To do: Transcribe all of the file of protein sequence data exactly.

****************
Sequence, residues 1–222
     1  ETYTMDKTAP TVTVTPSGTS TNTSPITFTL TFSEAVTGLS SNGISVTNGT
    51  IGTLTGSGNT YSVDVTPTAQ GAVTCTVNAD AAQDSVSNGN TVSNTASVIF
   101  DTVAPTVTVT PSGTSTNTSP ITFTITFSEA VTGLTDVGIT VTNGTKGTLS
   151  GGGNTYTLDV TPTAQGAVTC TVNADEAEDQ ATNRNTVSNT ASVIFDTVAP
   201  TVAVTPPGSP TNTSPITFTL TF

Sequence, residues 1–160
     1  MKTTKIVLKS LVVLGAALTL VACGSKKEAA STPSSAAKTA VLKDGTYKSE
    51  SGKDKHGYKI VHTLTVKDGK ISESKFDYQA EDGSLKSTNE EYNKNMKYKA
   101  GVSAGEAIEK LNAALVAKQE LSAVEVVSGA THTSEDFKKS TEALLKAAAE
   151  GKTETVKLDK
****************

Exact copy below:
Sequence, residues 1–222
     1  ETYTMDKTAP TVTVTPSGTS TNTSPITFTL TFSEAVTGLS SNGISVTNGT
    51  IGTLTGSGNT YSVDVTPTAQ GAVTCTVNAD AAQDSVSNGN TVSNTASVIF
   101  DTVAPTVTVT PSGTSTNTSP ITFTITFSEA VTGLTDVGIT VTNGTKGTLS
   151  GGGNTYTLDV TPTAQGAVTC TVNADEAEDQ ATNRNTVSNT ASVIFDTVAP
   201  TVAVTPPGSP TNTSPITFTL TF

Sequence, residues 1–160
     1  MKTTKIVLKS LVVLGAALTL VACGSKKEAA STPSSAAKTA VLKDGTYKSE
    51  SGKDKHGYKI VHTLTVKDGK ISESKFDYQA EDGSLKSTNE EYNKNMKYKA
   101  GVSAGEAIEK LNAALVAKQE LSAVEVVSGA THTSEDFKKS TEALLKAAAE
   151  GKTETVKLDK